This week, the topic for discussion at the MEG meetup in Colony, Piccadilly Place, was imposter syndrome.
What was especially interesting was the shared view that imposter syndrome might be a necessary, even useful, aspect of business and entrepreneurship, and not simply something debilitating.
What is Imposter Syndrome?
The term imposter syndrome refers to a pattern of behaviour, which involves people doubting their accomplishments. A persistent fear of being found out accompanies this.
Often the sufferer internalises this fear, and remains convinced they will be exposed as a fraud, despite any external evidence of their accomplishments.
They feel they do not deserve their success.
Have I Done Enough?
Like other psychological aspects of behaviour, imposter syndrome is an acute expression of other, more regular feelings and thoughts.
In this case, there is the nervousness which can come with winning a big contract.
For many of us, there is the anticipation of taking on a new challenge combined with a niggling sense of perfectionism. It’s that sense of wondering whether you’ve done enough and lived up to your own, as well as your client’s, standards.
Step Change Deals and Changes in Culture
Sometimes, in business, there can be a step change. This is that one key deal that allows you to put your business on a whole different level.
However, with step change deals, self-doubt can come with the territory.
It’s human nature to feel a twinge of self-doubt.
Similarly, business can take you into unfamiliar situations where the culture is unfamiliar or alien. Here, feelings of being out of place can persist.
Be Careful What You Wish For
The received wisdom is that ambition in business is a good thing, and that a little confidence goes a long way.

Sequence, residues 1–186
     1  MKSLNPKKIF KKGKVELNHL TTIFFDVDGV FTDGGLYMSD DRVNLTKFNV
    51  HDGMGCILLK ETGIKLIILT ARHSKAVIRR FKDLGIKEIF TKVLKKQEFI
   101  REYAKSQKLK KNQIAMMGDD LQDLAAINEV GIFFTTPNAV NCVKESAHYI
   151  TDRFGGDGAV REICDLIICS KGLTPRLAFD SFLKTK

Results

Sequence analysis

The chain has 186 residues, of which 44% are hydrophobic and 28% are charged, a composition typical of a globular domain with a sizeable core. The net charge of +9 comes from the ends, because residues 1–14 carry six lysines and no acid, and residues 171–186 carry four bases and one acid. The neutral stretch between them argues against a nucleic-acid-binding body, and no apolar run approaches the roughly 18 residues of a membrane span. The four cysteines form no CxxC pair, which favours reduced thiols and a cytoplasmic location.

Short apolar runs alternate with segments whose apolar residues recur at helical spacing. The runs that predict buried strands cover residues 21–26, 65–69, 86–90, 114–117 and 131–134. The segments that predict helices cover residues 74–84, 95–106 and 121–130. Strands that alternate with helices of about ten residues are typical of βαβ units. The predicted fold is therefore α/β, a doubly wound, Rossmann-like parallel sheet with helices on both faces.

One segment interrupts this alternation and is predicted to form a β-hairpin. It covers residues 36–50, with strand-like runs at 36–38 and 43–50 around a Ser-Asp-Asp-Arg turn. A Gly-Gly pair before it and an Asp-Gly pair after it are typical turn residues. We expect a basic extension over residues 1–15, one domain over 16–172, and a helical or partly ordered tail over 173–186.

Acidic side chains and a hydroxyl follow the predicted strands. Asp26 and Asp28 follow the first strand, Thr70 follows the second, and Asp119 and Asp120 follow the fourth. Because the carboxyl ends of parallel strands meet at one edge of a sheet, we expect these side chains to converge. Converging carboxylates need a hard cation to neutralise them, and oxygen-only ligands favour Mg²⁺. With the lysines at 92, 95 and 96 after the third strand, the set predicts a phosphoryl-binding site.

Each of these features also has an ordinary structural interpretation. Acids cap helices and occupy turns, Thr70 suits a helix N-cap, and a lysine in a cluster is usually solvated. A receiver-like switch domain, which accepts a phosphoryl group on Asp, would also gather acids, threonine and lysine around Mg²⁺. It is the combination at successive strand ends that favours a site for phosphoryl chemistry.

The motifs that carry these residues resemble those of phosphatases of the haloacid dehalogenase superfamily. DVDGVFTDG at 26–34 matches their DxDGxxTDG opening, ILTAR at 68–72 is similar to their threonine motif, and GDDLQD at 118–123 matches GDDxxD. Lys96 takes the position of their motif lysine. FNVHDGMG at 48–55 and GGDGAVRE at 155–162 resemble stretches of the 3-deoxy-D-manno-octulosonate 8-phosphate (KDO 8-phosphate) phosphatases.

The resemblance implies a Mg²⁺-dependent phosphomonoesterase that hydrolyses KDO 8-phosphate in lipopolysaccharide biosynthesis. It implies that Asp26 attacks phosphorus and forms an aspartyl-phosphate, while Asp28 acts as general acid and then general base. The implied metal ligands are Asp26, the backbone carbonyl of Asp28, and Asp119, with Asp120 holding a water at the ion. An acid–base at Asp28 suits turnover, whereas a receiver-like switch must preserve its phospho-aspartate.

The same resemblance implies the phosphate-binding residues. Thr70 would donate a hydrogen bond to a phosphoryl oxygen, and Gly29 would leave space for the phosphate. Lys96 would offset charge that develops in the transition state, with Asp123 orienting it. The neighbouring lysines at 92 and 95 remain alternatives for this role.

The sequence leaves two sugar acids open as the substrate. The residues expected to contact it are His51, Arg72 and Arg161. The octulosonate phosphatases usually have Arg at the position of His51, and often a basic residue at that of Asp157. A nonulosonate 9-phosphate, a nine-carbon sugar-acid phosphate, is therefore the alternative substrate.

While it is important to convey a sense of professional competence and to have an eagerness to compete for work, there needs to be a realistic approach to seizing opportunities.
Hunger for work and success can be a powerful driving force in the earlier stages of a business, but it can have its downside.
On the one hand, imposter syndrome can inhibit growth and development and stop people taking opportunities. But on the other, you could put yourself in difficulties, or even jeopardise your business if you seriously overstretch yourself.
It is important to know how you will deliver for your client, not just to be able to sell yourself to them.
There’s a well-known Richard Branson quote:
“If somebody offers you an amazing opportunity but you are not sure if you can do it, say yes – then learn to do it later!”
But self-confidence needs to be realistic.
What are often seen as the outliers of business enterprise might not always be the best examples to follow.
The idea that you can fake it until you make it can be extremely damaging, leaving reputations in tatters.
Sometimes, the best demonstration of integrity is not to try to punch above your weight.
It is better to aware of your limitations than unaware of them.
The Surrogate Boardroom
Imposter syndrome can be tough on people who suffer from it, but it can also be a way of protecting yourself from taking the wrong decisions.
What it also highlights is that we could all do with some form of support, even if it is just somewhere to sound off or a place to gain a different perspective on what’s been eating away at us.
MEG is a surrogate boardroom where business owners and like-minded professionals can exchange ideas, opinions, thought and insight. It aims to add value to business networking.